Since before her daughter was born, Lynn Sago, 59, had been living with chronic and often debilitating knee pain. Lynn first injured her right knee as a high school senior in 1975—so long ago that she doesn’t even remember how it happened. What she does remember is her doctor telling her that “girls have bad knees” and she’d just have to live with it.
“They didn't have MRIs and CAT scans back then,” Lynn says. “They injected dye into my knee and took an X-ray, but they couldn’t see the tear in the cartilage.”
Lynn followed her doctor’s advice and went about her activities, which included jogging, high-impact aerobics, racquetball and competitive softball through her church league. When the pain became too much, she sat out for a while. But nearly 20 years later, when her knee gave out while she was holding her year-old daughter, Lynn decided she had to take action.
She had arthroscopic right knee surgery in 1993. It showed that her meniscus, the cartilage that cushions the knee, was gone.
“They went in and there was nothing left. It was shredded,” she recalls. “So they drilled up into my thigh bone to make it bleed and seep and create a meniscus. I was non-weight-bearing for six weeks with a one-year-old, working full-time, running a home.”
It gave Lynn relief for a while, but eventually the pain returned. She had another arthroscopic procedure, and doctors told her she needed a knee replacement.
“I said thank you but no thanks,” she says. “Knee replacement 20 years ago was not what it is today. The implants only lasted 15 years, and I knew I would have to have it done again. I knew the technology would improve, so I waited, and I prayed. Whether it's rooster combs or sea urchin things or whatever, I knew there would be something better.”
For the next 23 years, Lynn lived with aching, throbbing pain, and was unable to walk without a pronounced limp.
“It's one of those things you deal with it because you don't have a choice,” Lynn says. “After 16 years of marriage, I became a single mom of three teens working full time, and you do what you have to do. You have to take care of your family.”
Five or six years ago, she learned about robotic-assisted knee replacement surgery.
“I wanted to let them work out the kinks,” says Lynn. “And then one of my best friends had a hip replacement done by Dr. Rina Jain a couple of years ago, and I decided that was who I needed.”
She made an appointment with Rina Jain, MD, a Scripps orthopedic surgeon who specializes in robotic-assisted hip and knee replacement, and finally had her right knee replaced in March of 2016.
While the surgery was successful, two decades of walking with an impaired gait limp had affected the mechanics of her left knee as well. That knee also was painful, and Lynn still walked with a limp.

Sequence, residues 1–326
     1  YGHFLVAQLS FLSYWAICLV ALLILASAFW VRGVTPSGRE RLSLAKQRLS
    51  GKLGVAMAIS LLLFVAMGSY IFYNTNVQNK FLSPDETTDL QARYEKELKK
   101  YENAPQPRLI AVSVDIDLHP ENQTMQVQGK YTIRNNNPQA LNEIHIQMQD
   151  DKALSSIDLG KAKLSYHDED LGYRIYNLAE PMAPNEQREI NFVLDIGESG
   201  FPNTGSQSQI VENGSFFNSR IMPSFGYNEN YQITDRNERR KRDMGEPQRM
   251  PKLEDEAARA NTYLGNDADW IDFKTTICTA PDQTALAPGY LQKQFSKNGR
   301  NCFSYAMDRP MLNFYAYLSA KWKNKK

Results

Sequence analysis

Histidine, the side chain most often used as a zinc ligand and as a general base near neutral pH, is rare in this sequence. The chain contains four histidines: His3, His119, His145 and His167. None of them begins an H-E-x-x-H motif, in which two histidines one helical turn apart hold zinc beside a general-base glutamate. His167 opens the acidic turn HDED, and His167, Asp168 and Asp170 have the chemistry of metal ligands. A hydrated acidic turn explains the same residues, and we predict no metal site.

In May of 2017, Dr. Jain performed robotic partial knee replacement surgery on Lynn’s left leg. She spent one night in the hospital and her recovery was amazingly fast; she called the procedure barely a “speed bump” in her life.
It may have been just a speed bump, but Lynn is now pain-free and says the second knee replacement was life-changing.
“I just felt so freed. It was like the world was my oyster and I could do whatever I wanted,” she says. “I could walk; I could go upstairs. My life was not based on where I could get a handicapped spot or if I had stairs to navigate. None of that matters anymore. It has given me my life back.”
Recently, her daughter mentioned that she had never before seen her mother walk without a limp. “My kids are like, ‘Whoa, who is this person? We don't know this woman,’” she says.
Mother to two adult daughters and a son, Lynn is not yet a grandmother, but she “borrows” her friends’ grandchildren and takes them on outings.
“We go to the beach and things. But now, ‘Nana Lynn’ can do a whole lot more. Before, I couldn’t hoof around the zoo. We were sitting and reading, or going to a movie,” she says. “Now I can walk for 45 minutes and not even blink. I can get out and not have to worry about stairs or walking or things like that.”
Dr. Jain advised against running, but Lynn enjoys other forms of exercise, including low-impact aerobics, riding a stationary cycle and walking on the treadmill. She also walks her Lab/Husky, Soka, for 45 minutes every morning.
Now that her brain no longer needs to manage pain, Lynn also has started creating and selling greeting cards. “You don't realize what your brain is doing to compensate, to deal with all that pain, all that energy that was going to that joint to just make it function,” she says. “My brain can do other things now. It’s free to create!”
Lynn can’t say enough about Dr. Jain and Scripps. “She is such a spitfire and she is an amazing surgeon. I would never do any surgery without her. I would not let anybody else touch me,” she says. “And the hospital staff were amazing, helpful, pleasant. A positive experience both times.”
Lynn advises other women living with knee pain to take care of themselves now. “Don’t wait. Don’t make yourself suffer in pain. Do not miss life.”
Thanks to advanced technology, Lynn’s new knee is projected to last 30 years. “I'm good to go for the rest of my life,” she says. “I'm back, better than ever. Watch out world!”
Ranked by U.S. News & World Report as one of the best in the nation, the Scripps orthopedics program has more doctors than any other health system in the San Diego region. Scripps doctors are recognized for their clinical experience in multiple orthopedic specialties, including knees, hips, hands, wrists, ankles and feet. Treatment options include the latest FDA-approved technologies, devices and procedures at multiple locations throughout San Diego.